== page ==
Opinion

The Great Debate

from The Great Debate UK:

Where did all the “Madoff” money go?

Erin Arvedlund- Erin Arvedlund is a journalist who has worked for Dow Jones, The Moscow Times, TheStreet.com, Barron's and the New York Times.  She is author of "Too Good to be True: The Rise and Fall of Bernie Madoff". The opinions expressed are her own. -

Where did all the money go?

After I wrote "Madoff: The Man Who Stole $65 Billion" this was probably the first question I received from almost everyone. And I am forced to tell the bizarre truth: there's probably no money left.

This is the nature of what are known as "Ponzi" schemes, or a classic pyramid scheme--Bernard Madoff constantly had to raise money from new investors to cash out the old investors, or "redeem" them, as a traditional hedge fund or mutual fund would.

But Madoff was not running a traditional hedge fund--not at all. He was running a cash-in/cash-out fraud, using the London branch of his brokerage firm as the piggy bank where he would wire money to and fro to make it look like he was trading for the hedge fund.

But there was no hedge fund, and there was no $65 billion at the end. Madoff lied about the amount of assets he was overseeing.

from Funds Hub:

Free from fraud? Get the certificate

Hedge funds wishing to demonstrate their honesty to a sceptical world can now pay for a risk assessment to show they have a low risk of fraud.

rtr23yfeFor $15,000-$20,000 Protean Fraud Risk Appraisal will use its database of every such financial crime since 1997 to see if a fund shows any suspicious characteristics.

"We've evaluated every single fraud and worked out the common areas where fraud has arisen," partner Nathan Sewell tells me.

The end of the Davos consensus

– James Saft is a Reuters columnist. The opinions expressed are his own –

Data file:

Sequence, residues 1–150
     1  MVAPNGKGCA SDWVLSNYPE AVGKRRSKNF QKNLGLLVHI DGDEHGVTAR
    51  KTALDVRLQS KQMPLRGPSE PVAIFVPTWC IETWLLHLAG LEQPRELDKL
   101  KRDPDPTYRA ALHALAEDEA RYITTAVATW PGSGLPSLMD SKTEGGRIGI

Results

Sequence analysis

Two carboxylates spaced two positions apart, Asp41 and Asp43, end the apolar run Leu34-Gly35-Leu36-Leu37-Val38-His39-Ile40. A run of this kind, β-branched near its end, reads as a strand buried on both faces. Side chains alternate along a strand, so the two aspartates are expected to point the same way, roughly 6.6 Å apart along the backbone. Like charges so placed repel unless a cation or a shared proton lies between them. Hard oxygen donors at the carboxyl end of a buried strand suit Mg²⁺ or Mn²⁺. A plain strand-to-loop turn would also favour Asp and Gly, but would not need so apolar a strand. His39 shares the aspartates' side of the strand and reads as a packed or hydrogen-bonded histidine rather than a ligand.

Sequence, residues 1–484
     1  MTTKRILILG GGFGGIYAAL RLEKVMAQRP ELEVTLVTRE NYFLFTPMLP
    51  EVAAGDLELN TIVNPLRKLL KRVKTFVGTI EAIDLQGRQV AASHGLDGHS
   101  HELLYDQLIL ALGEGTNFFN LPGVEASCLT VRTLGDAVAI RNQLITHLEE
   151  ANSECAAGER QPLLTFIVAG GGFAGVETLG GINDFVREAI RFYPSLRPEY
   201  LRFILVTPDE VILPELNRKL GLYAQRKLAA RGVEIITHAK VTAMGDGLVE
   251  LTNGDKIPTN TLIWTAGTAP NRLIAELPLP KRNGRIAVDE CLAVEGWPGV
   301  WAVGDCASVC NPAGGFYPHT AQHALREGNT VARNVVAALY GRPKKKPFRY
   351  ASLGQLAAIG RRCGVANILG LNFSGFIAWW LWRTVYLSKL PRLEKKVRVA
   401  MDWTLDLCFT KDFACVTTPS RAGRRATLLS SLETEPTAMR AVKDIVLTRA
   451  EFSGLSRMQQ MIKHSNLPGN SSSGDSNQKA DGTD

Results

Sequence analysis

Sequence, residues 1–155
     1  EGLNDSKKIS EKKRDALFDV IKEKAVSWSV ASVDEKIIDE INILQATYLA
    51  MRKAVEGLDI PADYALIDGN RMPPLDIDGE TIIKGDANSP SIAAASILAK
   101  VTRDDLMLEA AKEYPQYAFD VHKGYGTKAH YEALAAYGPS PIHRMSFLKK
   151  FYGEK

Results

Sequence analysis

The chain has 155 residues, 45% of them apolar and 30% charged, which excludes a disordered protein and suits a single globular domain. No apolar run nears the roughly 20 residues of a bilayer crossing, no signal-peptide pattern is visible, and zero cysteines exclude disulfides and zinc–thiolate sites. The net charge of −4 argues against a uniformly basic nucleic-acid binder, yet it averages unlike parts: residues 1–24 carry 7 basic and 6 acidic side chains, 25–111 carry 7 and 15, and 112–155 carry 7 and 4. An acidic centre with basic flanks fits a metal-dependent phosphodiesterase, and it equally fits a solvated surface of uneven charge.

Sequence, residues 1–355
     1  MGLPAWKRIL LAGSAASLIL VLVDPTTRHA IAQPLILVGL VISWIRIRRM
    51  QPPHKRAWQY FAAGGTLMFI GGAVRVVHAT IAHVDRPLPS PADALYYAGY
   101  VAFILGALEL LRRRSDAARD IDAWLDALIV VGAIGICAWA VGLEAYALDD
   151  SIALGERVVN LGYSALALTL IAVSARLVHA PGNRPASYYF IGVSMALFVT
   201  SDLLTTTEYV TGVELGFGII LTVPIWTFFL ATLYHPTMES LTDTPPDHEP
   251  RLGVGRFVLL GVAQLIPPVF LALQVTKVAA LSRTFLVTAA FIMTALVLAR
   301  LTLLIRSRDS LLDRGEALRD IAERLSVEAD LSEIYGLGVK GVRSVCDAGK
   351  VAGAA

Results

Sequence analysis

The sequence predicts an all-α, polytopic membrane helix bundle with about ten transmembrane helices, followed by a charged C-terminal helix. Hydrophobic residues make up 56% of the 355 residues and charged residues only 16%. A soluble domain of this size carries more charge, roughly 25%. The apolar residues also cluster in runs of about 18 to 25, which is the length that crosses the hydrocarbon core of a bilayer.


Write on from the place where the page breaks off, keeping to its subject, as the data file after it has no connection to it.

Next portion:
James Saft Great Debate It’s not exactly a wake, but participants at this year’s World Economic Forum have witnessed many of their most cherished beliefs being challenged, upended and sometimes ground in the mud.

Think of it as the “Davos Consensus,” a loose alignment of principles that held sway in this Swiss mountain resort and in large parts of the world over the past decade.

Minimizing exposure to investment management fraud

williams_mark– Mark T. Williams, a finance professor at the Boston University School of Management, is a risk-management expert and former Federal Reserve Bank examiner.  The opinions expressed are his own. —

It looks like the oldest trick in the book was used to allegedly bilk wealthy investors, banks, charities, endowments, and hedge funds out of their money.  How could sophisticated investors have been duped by what could potentially be the largest Ponzi scheme in U.S. history?  The answer may center on their due diligence prior to signing up with the investment firm run by Bernard Madoff, accused of masterminding the massive fraud.

Due diligence is the rigorous process undertaken to evaluate the controls, credibility, and capabilities of an investment firm prior to putting money at risk.  This process doesn’t stop once a money manager is chosen, but continues over the life of the relationship.  The $50 billion in reported losses and the fact that this scheme went undetected for so long are stark reminders that there is no substitute for solid investor due diligence and ongoing monitoring.  Unfortunately, it has taken a down market to expose such fraud.

  •